Russian Camera Company Zenit is Back

If you're old enough to remember Russian made Zenit cameras, then you probably think of them as cheap Leica knockoffs. Which they kind of were, at least their most famous rangefinder ones anyway.

In 2005, Zenit closed down after 53 years of making 35mm SLR cameras, but at that point, they hadn't mass produced cameras in decades and were making more of a niche product. That was thirteen years ago, now, they're coming back with their first full-frame mirrorless digital camera, which in a fitting twist, is actually made by Leica.

Leica is reviving the legendary Russian Zenit brand to deliver a full frame mirrorless range-finder style camera called the Zenit M that's based on Soviet-era Zenit and Zorki cameras. Those cameras themselves were based on Leica cameras.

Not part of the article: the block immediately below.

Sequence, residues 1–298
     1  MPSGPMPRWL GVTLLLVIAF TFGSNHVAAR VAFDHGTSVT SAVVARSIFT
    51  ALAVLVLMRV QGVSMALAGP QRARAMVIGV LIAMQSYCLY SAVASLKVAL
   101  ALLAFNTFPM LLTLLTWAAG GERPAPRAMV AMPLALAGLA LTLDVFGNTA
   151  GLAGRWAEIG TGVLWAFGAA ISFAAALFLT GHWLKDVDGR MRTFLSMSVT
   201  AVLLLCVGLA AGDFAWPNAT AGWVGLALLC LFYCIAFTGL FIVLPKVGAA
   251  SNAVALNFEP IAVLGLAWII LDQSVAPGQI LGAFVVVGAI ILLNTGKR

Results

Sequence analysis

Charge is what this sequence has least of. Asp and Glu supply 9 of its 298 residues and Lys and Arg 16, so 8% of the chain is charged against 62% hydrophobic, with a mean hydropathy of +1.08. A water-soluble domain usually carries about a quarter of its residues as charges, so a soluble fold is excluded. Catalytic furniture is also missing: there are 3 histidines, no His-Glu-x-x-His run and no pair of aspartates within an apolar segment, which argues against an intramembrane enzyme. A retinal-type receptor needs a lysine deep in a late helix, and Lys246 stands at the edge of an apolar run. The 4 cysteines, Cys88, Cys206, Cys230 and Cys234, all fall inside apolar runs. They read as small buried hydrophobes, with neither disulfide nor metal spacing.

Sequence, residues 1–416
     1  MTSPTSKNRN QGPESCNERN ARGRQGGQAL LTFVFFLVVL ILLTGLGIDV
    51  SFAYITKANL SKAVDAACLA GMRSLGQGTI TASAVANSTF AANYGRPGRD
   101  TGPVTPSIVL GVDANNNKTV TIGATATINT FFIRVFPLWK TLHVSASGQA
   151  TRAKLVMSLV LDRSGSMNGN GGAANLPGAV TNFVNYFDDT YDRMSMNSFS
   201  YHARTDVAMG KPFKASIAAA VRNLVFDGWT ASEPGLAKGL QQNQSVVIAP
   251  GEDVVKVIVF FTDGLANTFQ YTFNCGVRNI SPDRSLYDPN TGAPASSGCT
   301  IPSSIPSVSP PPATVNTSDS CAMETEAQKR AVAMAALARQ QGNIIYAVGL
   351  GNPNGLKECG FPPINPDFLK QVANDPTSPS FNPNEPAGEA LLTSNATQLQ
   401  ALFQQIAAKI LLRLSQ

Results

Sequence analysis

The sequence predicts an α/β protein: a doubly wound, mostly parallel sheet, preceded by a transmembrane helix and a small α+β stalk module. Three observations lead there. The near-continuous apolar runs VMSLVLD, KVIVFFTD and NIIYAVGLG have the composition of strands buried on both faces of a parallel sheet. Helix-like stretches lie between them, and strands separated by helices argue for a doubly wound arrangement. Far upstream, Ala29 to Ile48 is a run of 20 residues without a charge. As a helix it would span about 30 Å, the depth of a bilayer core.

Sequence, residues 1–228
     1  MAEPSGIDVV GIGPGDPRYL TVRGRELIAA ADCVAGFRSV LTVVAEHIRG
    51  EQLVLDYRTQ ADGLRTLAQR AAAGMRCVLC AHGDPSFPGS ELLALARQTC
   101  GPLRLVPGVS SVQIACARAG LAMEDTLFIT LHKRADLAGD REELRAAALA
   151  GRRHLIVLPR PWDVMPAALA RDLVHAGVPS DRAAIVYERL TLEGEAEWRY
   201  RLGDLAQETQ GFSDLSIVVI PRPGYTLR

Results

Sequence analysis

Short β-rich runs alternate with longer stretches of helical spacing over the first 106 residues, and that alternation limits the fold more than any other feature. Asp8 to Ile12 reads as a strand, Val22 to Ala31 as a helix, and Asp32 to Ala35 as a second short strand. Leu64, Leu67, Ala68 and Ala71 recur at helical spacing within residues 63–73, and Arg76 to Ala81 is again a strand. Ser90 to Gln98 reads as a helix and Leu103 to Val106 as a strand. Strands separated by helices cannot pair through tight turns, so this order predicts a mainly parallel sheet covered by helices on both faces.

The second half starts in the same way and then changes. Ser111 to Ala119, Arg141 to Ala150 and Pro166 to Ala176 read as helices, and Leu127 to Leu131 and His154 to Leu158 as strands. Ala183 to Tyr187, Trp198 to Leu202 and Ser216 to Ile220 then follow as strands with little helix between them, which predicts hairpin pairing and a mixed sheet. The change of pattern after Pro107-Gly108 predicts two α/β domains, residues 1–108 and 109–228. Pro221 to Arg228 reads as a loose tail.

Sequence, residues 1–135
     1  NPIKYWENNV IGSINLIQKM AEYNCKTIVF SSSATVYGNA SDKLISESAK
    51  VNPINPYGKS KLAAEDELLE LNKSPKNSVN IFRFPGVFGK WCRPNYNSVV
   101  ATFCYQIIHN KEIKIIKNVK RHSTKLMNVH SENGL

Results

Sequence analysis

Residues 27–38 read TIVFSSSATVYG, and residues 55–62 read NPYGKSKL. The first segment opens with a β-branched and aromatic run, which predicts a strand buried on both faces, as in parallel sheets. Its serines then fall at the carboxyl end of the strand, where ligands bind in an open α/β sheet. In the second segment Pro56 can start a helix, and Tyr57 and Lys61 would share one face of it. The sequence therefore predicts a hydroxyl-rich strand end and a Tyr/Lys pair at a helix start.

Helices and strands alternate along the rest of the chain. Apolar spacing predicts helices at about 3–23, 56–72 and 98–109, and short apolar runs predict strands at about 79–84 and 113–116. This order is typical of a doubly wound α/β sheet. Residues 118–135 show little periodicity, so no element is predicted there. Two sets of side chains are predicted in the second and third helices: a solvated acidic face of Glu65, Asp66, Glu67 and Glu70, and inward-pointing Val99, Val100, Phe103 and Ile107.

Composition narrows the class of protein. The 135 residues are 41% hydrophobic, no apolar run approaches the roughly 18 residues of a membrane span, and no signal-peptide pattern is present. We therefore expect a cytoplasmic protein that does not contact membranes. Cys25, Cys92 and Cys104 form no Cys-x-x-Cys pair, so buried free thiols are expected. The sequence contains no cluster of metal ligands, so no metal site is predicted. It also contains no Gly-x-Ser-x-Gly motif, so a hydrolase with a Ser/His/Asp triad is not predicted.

Let's hope this doesn't end up like Mel Brooks THE PRODUCERS, which was a movie that inspired a musical, that in turn inspired a movie... that was terrible.

The Zenit M will be made and designed in Russia in a collaboration with the German engineers at Leica. Despite the fact that the Zenit M is a Russian camera, it's hardly something that's "for the people" as it will cost somewhere between $5,900-$7,000 US dollars.

The Zenit name is controlled by the Russian holding company Shvabe, who in turn is controlled by the Russian state conglomerate Rostec.

A spokesperson for Shvabe told AFP:

"The main target audience is luxury and amateur photographers... The price of the product will be absolutely adequate, taking into account the brands that are taking part in this project."

There are no specs on the camera as of yet except for the ridiculously high price. I'm not sure a camera like that even works anymore. With cameras like Fuji's amazing X-T3 selling for $1,500 and Sony's excellent A7 III for $2,000, anything new on the market better be great at taking pictures if it costs 2-3 times more than its competitors.